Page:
The Department of Homeland Security will consider adopting new regulations that would prevent visa extension to foreign workers in the United States. President Donald Trump in April signed an executive order to review high-skilled H-1B immigration visas — a move that could severely curb employment of foreign workers.

With various visa bills under consideration by Congress, the impending threat of thousands of workers being laid off can swiftly become reality. The measure could also stop foreign workers from holding on to their H-1B visas while their green card applications are pending.

How The Bill Was Proposed

The "buy American and hire American" comments during Trump's campaign gained considerable momentum in 2016. True to his word, Trump would sign an executive order toward that end, which was drafted during his presidential transition. “Right now, H-1B visas are awarded in a totally random lottery, and that’s wrong,” Trump said in April, at its signing in Kenosha, Wisconsin, a swing state that helped win him the election.

President Donald Trump signs the Tax Cut and Reform Bill in the Oval Office at The White House, Washington, D.C., Dec. 22, 2017. Brendan Smialowski/AFP/Getty Images

The H-1B mandates providing employment to the most skilled and best-paid workers. The existing provisions on H1-B grants 65,000 work visas to people with “highly specialized knowledge” — in practice, jobs requiring at least a bachelor’s degree and often involving technology.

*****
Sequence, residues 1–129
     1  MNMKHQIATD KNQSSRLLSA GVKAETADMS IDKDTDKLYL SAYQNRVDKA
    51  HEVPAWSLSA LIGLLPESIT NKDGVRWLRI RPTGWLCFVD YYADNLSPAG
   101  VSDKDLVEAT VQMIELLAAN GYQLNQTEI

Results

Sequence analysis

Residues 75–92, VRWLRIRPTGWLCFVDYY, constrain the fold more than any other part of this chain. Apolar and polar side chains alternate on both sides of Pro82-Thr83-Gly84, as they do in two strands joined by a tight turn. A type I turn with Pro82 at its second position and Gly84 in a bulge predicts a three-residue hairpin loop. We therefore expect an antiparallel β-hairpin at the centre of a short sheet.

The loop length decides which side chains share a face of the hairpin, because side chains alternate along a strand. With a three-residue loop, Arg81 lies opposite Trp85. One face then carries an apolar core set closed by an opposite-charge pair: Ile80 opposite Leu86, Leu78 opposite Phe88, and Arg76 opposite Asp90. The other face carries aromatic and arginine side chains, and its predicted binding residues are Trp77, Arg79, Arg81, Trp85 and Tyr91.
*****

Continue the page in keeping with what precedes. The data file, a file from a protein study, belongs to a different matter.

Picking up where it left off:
However, the visa is largely awarded to technological firms. The Trump administration perceives this as a blatant move by the companies to acquire cheap foreign labor rather than employing or training American citizens.

Many tech giants have denied allegations of hiring cheap unskilled labor in lieu of skilled workers. Google and Facebook, among others, have argued that "many fast-growing startups build on the contributions of H-1B visa holders to create jobs for U.S. citizens, and that many companies pay their H-1B visa holders more than the average American makes in a comparable job," Vox News reported.

The Impact On Tech Companies

The biggest employers of H-1B visa holders are outsourcing companies, such as IBM and Cognizant. All the leading tech companies, such as Google, Apple and Microsoft, have a large number of Indian employed in their offices, according to the New York Times. At least 15 percent of Facebook's workforce is made up of Indians.

The repercussions of the proposed changes in visa norms can drastically dwindle their numbers and the company's performance. The president's "hire Americans" stance — among the factors that helped him capture the White House — cannot be enforced without an adverse effect on the economy and the financial growth of the companies. While employing U.S. citizens will increase the employment rate in the country, a strong case can be made about the cost of this particular endeavor, which could be exponentially high to bear.

Research shows that average costs of hiring and training unskilled U.S. citizens could be higher than hiring skilled foreigners. In a study conducted by the Center for American Progress, the cost of losing an employee could be anywhere from 16 percent of their salary for hourly, unsalaried employees, to 213 percent of the salary for a highly trained position, Huffington Post reported.

There has been varied but bipartisan support to overhaul the H-1B visa program. Rep. Darrell Issa, R-Calif., introduced the “Protect and Grow American Jobs Act” which was aided by Rep. Zoe Lofgren, D-Calif.